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This very EARLY, & direct, relevant quote from Wills himself dispenses with the notion that Wills wanted to introduce the full Rugby school Rules into Victoria; & it is corroborated by the highly respected C. Harrison- Wills' cousin- stating that Tom Wills told him he [Wills] always wanted "a game of our own".
I suggest you discount those who are very strong opponents of Wills.
This doesnt say he personally wanted anything and everyone else at the meeting recalls him putting forth rugby rules. Harrison himself had a vested interest in the "game of our own" story - he proclaimed himself the father of it for decades.

I suggest you read (or re-read) de Moore's highly praised biography of T. Wills; & D. Thompson's book, & later publication: undeniably the most detailed analyses, by far, of the very early games' styles & Rules; & 1850's Rugby school game styles & Rules.
Mark Pennings work on the games foundations is far more extensive and less personality focussed.

Dr G. de Moore (who, in pg 103 of my 2011 edition) said that Wills was the best kicker of the rugby ball whilst he was at Rugby School, & in early Melbourne Rules. de Moore is very widely recognised, & acclaimed, as the best authority on Wills.
BY WHO. Others have written biographies on the man.

Rugby games then used a pig's bladder, the school asking the butcher to provide a bladder that was as close to an oval shape as possible.
The actual shape of these bladders, & thus rugby balls created, more closely resembled a plum, or ovoid (egg) shape.
These werent in Australia and werent standard.

I suggest you place very little credence on the views of R. Hay- a Scottish soccer historian & soccer promoter.[/'quote]

I didnt cite anything from Roy Hay, and whatever Roy Hay may be, he's a hell of a lot more of a historian than you or I. I cant just dismiss other historians because i dont like what they have to say. Are there any other historians i need to get approved from you?

I note you have not responded to the information from D. Thompson (& historian R. Grow) that, at Rugby School in the 1850's, the rugby Rules required a player have both feet on the ground when taking a mark ie no jumping to catch.
I didnt cite any specific set of rules. And the jump and catch was barely part of the australian game until later in peace.

I disagree with your comments on:-

. the AFL's views on Marngrook in 2008. Refer to my above comments on the 1996 AF monument (paid for by the AFL, at Wills' childhood farm) at Moyston & recognition of Marngrook- words written by the AFL's Official Historian then, C. Hutchinson.
I dont care if you disagree - its in the official Australian Football History book commissioned by the AFL.

. the 1858 Melbourne Rules games certainly had Rules!
(whether all players understood &/or subscribed to these 1858 Rules is a different issue).
No actual written evidence of this appears to ecist.

These issues have been covered in great depth, & with many appropriate citations, in the Footy History Section- Origins Thread.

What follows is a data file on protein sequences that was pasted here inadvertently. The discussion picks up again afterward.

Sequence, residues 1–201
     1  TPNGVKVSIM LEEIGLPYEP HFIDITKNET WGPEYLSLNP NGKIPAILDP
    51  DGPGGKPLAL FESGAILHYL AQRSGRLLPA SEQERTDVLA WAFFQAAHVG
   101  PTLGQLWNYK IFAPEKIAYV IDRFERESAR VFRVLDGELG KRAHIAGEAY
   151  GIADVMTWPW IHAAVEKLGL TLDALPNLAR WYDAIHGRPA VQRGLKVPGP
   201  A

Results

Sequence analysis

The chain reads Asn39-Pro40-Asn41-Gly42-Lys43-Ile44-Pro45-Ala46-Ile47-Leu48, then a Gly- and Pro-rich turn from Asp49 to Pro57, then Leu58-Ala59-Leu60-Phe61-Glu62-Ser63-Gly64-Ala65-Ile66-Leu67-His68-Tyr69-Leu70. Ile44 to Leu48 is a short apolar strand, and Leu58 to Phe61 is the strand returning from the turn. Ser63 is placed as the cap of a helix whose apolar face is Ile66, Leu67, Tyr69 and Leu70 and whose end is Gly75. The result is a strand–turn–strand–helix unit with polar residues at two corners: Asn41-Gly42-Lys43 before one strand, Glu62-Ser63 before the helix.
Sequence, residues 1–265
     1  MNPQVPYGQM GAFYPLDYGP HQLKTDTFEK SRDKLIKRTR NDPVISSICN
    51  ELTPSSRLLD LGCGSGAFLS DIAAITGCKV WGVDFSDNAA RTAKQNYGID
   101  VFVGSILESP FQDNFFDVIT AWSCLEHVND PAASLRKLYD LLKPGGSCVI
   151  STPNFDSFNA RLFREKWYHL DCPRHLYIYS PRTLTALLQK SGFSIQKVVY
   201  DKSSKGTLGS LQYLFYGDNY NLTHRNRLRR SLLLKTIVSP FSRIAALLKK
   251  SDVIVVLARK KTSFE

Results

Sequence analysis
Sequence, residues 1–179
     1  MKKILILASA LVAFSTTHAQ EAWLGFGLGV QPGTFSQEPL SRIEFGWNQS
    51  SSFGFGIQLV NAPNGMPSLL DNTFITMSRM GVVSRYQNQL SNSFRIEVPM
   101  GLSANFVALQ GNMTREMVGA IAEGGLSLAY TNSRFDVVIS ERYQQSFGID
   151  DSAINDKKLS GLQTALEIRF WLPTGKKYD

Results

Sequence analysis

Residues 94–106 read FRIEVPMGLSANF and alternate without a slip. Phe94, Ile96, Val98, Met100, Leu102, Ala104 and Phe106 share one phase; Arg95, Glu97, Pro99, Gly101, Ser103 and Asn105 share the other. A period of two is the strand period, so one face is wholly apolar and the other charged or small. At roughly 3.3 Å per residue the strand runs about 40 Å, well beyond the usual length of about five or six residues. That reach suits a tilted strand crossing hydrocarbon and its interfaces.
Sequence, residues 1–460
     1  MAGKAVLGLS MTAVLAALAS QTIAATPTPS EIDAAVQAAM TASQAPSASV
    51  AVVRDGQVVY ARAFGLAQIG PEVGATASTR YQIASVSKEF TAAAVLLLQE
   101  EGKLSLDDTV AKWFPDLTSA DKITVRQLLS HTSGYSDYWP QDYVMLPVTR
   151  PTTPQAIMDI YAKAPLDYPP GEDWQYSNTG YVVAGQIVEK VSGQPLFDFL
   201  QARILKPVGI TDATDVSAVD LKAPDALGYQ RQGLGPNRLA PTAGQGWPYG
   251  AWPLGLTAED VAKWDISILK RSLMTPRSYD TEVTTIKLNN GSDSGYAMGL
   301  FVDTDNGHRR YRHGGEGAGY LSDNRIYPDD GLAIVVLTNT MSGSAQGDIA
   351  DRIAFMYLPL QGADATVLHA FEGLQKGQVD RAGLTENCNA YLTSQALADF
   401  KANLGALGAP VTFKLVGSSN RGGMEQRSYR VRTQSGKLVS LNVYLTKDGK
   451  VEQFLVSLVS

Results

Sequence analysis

Then you feel free to go there and discuss it.

Thompson's research is obviously the most detailed & relevant on these Origins' issues, & he has been very widely quoted there- that Thread, IMO, is the best place for these discussions.
its not. Pennings work is far more in depth and no one reads one history and assumes its the be all and end all.

There is literally no evidence Wills put forward Marngrook rules or innovations when discussing the rules at creation. Its all assumption by everyone involved.
 

RedV3x

Premiership Player
Dec 14, 2015
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The early Melbourne Rules of 1858 & 1859 were, generally, an amalgam of the school football code rules of Rugby, Harrow, Eton, & Winchester.
Maybe you could enlighten us to which rules were specific to what schools because this the connection is extremely loose IMO.

I. The distance between the Goals and the Goal Posts shall be decided upon by the Captains of the sides playing.
II. The Captains on each side shall toss for choice of Goal; the side losing the toss has the kick off from the centre point between the Goals

III. A Goal must be kicked fairly between the posts, without touching either of them, or a portion of the person of any player on either side.

IV. The game shall be played within a space of not more than 200 yards wide, the same to be measured equally on each side of a line drawn through the centres of the two Goals; and two posts to be called the "kick off posts" shall be erected at a distance of 20 yards on each side of the Goal posts at both ends, and in a straight line with them.

V. In case the ball is kicked "behind" Goal, any one of the side behind whose Goal it is kicked may bring it 20 yards in front of any portion of the space between the "kick off" posts, and shall kick it as nearly as possible in line with the opposite Goal.

VI. Any player catching the ball "directly" from the foot may call "mark". He then has a free kick; no player from the opposite side being allowed to come "inside" the spot marked.

VII. Tripping and pushing are both allowed (but no hacking) when any player is in rapid motion or in possession of the ball, except in the case provided for in Rule 6.

VIII. The ball may be taken in hand "only" when caught from the foot, or on the hop. In "no case" shall it be "lifted" from the ground.

IX. When a ball goes out of bounds (the same being indicated by a row of posts) it shall be brought back to the point where it crossed the boundary-line, and thrown in at right angles with that line.

X. The ball, while in play, may under no circumstances be thrown.

I, II, IV & IX are irrelevant.
III seems unique to AFL.
VI & VII were common to just about all football.
XI rules out rugby
The lack of offside rules out most subject football.